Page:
Recoverable Amount

Updated on January 3, 2024
Article byNiti Gupta
Edited byAshish Kumar Srivastav
Reviewed byDheeraj Vaidya, CFA, FRM

What is a Recoverable Amount?

The recoverable amount of an asset refers to the present value of the expected cash flows that are to arise from the sale or use of the asset. It is calculated as the greater of the two amounts, namely, the asset’s fair value as reduced by the related selling costs and value in the use of such assets.

Explanation

The accounting standards require the companies to report the instances in the where the carrying amount of an asset is greater than its recoverable amount. Further, it is present in International Accounting Standard 36 (“IAS 36”). It provides provision for an impairment loss if the of an asset is more than its recoverable amount. The carrying value of an asset means its book value. On the other hand, the recoverable amount of an asset refers to the maximum amount of that are expected to be obtained from the asset. The cash flows can either arise by selling the asset or by using it.

For eg:
Source: Recoverable Amount (wallstreetmojo.com)

Recoverable Amount Formula

The recoverable amount of an asset is the higher of the following two amounts-

• Fair value less cost to sell (abbreviated as “FVLCTS”)
• Value in use

As we know, the calculation depends on FVLTS and Value in use. Let us understand the meaning of these two terms.

#1 – Fair Value Less Cost to Sell (“FVLCTS”)

Fair means the value at which the asset can be sold. It refers to the economic benefits that are expected to arise due to the sale of such. It has to be determined by reducing the expected cost of selling the asset from the asset’s fair value. The expected cost of selling the asset means the transaction costs related to the asset’s sale.

#2 – Value in Use

It refers to the of the expected cash flows that are to accrue due to the use of the asset. The same can be calculated by determining the weighted average of probability-based projected cash flows of the asset under consideration. A weighted average of probable cash flow shall be stated at its present value using the appropriate discount rate.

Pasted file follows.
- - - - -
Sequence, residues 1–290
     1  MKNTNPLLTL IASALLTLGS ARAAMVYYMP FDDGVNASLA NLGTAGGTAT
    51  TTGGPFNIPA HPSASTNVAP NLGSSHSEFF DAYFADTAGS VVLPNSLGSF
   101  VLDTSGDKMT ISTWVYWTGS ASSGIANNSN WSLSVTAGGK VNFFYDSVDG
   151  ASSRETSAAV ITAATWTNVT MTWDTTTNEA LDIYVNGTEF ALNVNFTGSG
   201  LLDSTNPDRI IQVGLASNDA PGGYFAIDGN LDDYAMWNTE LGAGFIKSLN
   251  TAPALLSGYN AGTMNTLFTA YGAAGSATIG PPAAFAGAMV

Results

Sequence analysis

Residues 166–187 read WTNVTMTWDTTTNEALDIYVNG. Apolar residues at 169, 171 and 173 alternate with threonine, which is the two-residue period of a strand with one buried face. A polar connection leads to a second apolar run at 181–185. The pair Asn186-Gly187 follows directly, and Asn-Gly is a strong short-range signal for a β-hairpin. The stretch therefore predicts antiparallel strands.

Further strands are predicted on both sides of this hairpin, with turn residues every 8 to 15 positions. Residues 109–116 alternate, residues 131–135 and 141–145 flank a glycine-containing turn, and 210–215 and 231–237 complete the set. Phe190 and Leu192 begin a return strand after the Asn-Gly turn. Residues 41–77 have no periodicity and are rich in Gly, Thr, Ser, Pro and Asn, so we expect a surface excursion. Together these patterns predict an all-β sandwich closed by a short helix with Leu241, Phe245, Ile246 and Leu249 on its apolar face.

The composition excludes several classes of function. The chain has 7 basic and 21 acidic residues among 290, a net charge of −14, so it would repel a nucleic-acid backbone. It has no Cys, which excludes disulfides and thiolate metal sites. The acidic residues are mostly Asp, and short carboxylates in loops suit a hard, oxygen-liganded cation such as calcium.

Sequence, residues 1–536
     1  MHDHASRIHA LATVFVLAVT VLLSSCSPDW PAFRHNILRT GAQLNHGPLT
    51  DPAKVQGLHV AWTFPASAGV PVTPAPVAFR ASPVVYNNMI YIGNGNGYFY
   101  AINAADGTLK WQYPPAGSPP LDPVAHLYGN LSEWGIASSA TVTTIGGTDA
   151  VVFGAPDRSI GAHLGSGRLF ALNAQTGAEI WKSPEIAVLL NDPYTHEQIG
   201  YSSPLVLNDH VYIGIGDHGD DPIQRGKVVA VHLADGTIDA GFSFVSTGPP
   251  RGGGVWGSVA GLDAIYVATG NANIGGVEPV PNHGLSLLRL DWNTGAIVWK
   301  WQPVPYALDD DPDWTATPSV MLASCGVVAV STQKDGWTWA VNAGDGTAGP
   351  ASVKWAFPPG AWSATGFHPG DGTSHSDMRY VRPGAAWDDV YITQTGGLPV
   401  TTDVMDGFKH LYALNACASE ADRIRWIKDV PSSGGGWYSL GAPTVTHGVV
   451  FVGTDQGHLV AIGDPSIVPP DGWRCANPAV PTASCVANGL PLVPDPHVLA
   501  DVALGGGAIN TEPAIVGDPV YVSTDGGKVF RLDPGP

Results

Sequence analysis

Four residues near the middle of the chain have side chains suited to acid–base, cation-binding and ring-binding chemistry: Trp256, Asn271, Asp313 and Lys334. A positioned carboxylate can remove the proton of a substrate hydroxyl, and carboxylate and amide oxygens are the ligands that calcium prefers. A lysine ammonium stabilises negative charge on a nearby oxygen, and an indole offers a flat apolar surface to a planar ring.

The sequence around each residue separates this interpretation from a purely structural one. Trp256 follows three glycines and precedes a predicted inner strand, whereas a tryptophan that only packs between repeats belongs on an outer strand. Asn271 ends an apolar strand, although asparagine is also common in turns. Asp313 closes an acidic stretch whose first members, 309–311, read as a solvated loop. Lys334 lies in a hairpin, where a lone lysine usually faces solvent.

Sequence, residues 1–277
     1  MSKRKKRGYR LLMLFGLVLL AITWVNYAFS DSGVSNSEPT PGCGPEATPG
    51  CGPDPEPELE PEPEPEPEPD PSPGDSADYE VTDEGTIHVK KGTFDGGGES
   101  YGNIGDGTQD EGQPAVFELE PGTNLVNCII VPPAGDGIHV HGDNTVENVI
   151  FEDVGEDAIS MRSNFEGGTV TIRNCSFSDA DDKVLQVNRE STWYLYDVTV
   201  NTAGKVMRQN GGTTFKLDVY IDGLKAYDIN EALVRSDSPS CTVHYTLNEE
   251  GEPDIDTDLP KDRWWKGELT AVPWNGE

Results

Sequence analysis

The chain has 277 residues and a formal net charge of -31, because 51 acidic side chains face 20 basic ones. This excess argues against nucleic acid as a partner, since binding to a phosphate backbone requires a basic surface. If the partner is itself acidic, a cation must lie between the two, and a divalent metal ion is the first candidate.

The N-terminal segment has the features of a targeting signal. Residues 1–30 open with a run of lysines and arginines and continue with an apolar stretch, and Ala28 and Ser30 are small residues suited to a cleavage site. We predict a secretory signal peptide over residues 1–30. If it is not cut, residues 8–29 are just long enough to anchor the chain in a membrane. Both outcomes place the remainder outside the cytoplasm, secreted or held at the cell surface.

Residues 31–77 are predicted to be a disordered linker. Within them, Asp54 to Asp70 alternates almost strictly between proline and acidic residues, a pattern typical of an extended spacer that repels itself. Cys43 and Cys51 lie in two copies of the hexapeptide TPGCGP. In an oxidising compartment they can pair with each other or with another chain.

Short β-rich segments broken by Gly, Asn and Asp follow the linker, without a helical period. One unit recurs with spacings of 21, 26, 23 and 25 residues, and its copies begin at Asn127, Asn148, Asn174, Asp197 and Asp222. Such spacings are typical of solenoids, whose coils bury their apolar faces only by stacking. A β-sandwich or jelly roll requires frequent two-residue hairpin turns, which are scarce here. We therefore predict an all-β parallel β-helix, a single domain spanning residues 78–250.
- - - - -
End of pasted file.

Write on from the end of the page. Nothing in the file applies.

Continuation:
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Example

Now, let us look at an example for a better understanding.

You can download this Recoverable Amount Excel Template here – Recoverable Amount Excel Template

For machinery, the details are given below. Open market value of the machinery = \$62,000.There is a 30% probability that the cash flows will accrue to an amount of \$30,000 in the future, and there is a 70% probability that the cash flows will accrue to an amount of \$20,000 in the future for three years. The appropriate discount rate is 10%.

Solution:

Fair value will be –

• Fair value = \$62,000

Calculation of Value in use will be –

• Value in Use =20930 + 19090 + 17250 = 57270

The recoverable amount will be –

Thus, the recoverable amount of the machinery shall be higher than the FVLCTS (\$62,000) and the Value in Use (\$5,7270). Accordingly, the recoverable amount comes to be FVLCTS, i.e., \$62,000, higher than the two amounts.

Note: Please refer above given excel template for a detailed calculation of the recoverable amount.

Recoverable Amount vs. Salvage Value

• The salvage value of an asset refers to the at the end of the useful life of the asset. It is a management expectation of the value at which such an asset would be sold at the end of the useful life of the asset. It is also known as scrap value. is useful in calculating depreciation on an asset and in considering the viability of purchasing the asset. A higher salvage value will effectively reduce the overall cost of the asset since the asset can be sold at the salvage value at the end of its useful life of the asset.
•  On the other hand, the recoverable amount is the maximum cash flow expected from the asset, either by its sale or by its regular use. It is calculated as the higher of the fair value and the value in use of an asset. It is useful in determining the impairment loss, if any, by comparing the same with the asset’s carrying value.

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